1. Introduction: Your introduction introduces the problem, raises your level-3 question, and announces your argument. It needs to be at least a paragraph and include the thesis. The question being answered by your papers argument needs to be clearly stated, either as an explicit question or a very clearly implied one. Include the following elements in whatever order works best for the flow of your argument:
-Frame the problem in an interesting way that shows its significance
-Introduce texts and/or traditions you will be analyzing
-Pose a level 3 question–the issue your essay will address
-Answer your question with a thesis
2. Thesis: The thesis answers the level 3 question you ask in your introduction and lays out the structure of your argument, creating the readers expectations for what is to come in the essay:
Acknowledges an alternative view of the subjectthe opposition (an although point)
Refers to the subject of the question
Makes an assertion about the subject (your position on the issue)
Provides at least 3 reasons (sometimes fewer, sometimes more) to support the assertion, listed in the most logical and persuasive order for your argument
Stated as a formula: TS = O + S + A + R (3+)
Thesis Sentence = Opposition + Subject + Assertion + Reasons (3+)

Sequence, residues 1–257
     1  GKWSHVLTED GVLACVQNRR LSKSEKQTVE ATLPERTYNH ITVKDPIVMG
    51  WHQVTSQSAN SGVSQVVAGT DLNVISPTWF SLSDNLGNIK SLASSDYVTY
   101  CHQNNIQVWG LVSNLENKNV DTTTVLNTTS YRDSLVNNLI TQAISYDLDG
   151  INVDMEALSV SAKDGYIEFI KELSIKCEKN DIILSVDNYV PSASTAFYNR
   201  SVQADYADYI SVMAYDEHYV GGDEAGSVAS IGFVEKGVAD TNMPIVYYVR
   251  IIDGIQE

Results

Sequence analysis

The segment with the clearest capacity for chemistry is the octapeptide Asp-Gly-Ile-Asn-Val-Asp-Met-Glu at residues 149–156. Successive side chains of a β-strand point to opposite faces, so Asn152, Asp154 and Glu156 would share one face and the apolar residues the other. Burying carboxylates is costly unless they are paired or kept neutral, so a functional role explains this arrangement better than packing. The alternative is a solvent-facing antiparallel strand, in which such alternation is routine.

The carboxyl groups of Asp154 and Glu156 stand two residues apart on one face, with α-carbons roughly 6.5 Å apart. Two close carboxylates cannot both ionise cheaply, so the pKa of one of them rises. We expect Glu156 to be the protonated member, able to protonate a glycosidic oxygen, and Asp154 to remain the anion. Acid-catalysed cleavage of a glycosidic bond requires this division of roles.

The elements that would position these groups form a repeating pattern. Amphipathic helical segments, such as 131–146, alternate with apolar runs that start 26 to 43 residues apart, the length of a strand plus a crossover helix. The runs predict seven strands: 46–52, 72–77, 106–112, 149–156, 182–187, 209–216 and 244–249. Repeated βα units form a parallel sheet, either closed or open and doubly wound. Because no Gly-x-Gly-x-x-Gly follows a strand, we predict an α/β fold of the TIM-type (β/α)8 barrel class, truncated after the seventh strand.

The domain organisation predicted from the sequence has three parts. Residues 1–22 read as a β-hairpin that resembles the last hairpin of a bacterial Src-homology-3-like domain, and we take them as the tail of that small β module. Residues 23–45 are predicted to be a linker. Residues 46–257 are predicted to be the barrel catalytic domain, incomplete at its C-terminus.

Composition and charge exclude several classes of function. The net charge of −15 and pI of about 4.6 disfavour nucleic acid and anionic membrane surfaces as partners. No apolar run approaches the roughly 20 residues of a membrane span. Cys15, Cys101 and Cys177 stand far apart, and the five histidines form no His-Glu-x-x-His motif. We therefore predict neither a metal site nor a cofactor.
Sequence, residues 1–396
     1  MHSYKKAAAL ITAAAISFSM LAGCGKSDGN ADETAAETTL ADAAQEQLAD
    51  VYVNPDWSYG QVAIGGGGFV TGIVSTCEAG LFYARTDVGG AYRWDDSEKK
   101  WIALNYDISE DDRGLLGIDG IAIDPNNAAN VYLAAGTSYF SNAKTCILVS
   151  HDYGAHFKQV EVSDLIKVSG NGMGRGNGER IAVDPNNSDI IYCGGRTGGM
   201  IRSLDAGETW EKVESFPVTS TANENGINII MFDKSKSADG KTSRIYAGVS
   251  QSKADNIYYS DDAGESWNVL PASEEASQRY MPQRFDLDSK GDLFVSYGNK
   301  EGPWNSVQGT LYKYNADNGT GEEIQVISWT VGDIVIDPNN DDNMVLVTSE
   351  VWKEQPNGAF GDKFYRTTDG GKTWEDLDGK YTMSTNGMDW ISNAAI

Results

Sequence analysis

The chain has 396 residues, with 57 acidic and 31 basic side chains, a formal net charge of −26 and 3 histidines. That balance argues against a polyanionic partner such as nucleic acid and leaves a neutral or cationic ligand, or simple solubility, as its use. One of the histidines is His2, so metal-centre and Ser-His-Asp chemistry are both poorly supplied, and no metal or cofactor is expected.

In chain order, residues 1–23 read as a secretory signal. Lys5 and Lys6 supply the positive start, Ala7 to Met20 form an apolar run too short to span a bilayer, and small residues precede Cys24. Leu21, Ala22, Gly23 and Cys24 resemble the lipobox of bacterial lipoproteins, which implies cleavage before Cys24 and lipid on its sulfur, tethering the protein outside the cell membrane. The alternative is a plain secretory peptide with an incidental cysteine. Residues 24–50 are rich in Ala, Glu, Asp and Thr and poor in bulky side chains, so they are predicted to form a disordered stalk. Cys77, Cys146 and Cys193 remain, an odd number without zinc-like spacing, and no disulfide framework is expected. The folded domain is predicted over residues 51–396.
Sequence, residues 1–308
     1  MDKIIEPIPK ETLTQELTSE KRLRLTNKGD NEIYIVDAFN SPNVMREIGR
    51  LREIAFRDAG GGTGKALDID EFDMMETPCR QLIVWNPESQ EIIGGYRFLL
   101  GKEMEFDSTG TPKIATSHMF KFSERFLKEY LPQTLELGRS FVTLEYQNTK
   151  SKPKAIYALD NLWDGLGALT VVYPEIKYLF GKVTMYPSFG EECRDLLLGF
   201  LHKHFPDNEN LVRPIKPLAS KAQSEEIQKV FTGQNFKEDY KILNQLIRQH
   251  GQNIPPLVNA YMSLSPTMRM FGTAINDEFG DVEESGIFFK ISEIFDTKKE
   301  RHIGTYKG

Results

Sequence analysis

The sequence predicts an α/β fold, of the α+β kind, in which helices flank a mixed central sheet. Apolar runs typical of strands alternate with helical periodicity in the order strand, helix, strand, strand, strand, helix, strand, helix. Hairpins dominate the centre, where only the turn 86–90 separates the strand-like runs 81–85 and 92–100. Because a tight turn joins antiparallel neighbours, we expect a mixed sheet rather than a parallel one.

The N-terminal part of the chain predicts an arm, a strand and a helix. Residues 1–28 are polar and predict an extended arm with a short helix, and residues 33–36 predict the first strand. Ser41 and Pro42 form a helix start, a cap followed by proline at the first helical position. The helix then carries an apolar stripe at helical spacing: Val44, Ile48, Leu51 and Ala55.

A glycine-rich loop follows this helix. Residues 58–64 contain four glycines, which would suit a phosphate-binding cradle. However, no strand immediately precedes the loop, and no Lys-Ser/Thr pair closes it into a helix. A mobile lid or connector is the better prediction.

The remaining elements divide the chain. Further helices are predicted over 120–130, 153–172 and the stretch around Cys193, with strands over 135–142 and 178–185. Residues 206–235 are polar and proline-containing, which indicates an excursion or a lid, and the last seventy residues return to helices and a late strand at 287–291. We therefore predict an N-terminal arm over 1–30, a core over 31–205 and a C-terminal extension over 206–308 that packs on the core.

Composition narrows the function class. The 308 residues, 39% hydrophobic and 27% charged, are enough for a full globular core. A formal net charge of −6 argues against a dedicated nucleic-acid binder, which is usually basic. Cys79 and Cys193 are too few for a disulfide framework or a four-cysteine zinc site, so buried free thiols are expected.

3. Significance: This is the so what argument of your paper: How do your essay, and your thesis/assertion, in particular, contribute to a better understanding of air pollution and climate change? Why does it matter that the problem is addressed and resolved as well as possible?
4.Context: Accurately establish the historical and cultural contexts of relevant events and texts for both 1) the topic you are exploring and 2) any sources you use.
Provide enough context for a reader outside of the course to follow your reasoning. For instance, the first time you refer to an author, even if the author is in your Works Cited and even if the people in your course know who you are talking about, write the full name and give enough background information to make it clear why you are referencing this author. The context can be woven into any part of the paper where it is appropriate and needed for the reader to understand and be persuaded by your argument.
5. Opposition (Counterargument) and Rebuttal: Consider at least one alternative view to your assertion. Discuss its merits and flaws fairly, presenting evidence for it. Then show why your argument is better, rebutting the counterargument with evidence for your argument. You dont have to claim that your interpretation is right or true; you just have to persuade that it is the strongest among competing views.
6. Conclusion: Write a conclusion that ends your argument persuasively. It needs to briefly and non-repetitively summarize the argument, elaborate on the implications and significance of your thesis, and suggest a direction for further study or action. The conclusion should be at least 1 paragraph.
7. Sources: For this paper, you will need
-The allegory of Cave pdf
-2 sources from 1_1,1_2,and 1_3 pdf.
– At least 2 peer-reviewed articles from academic journals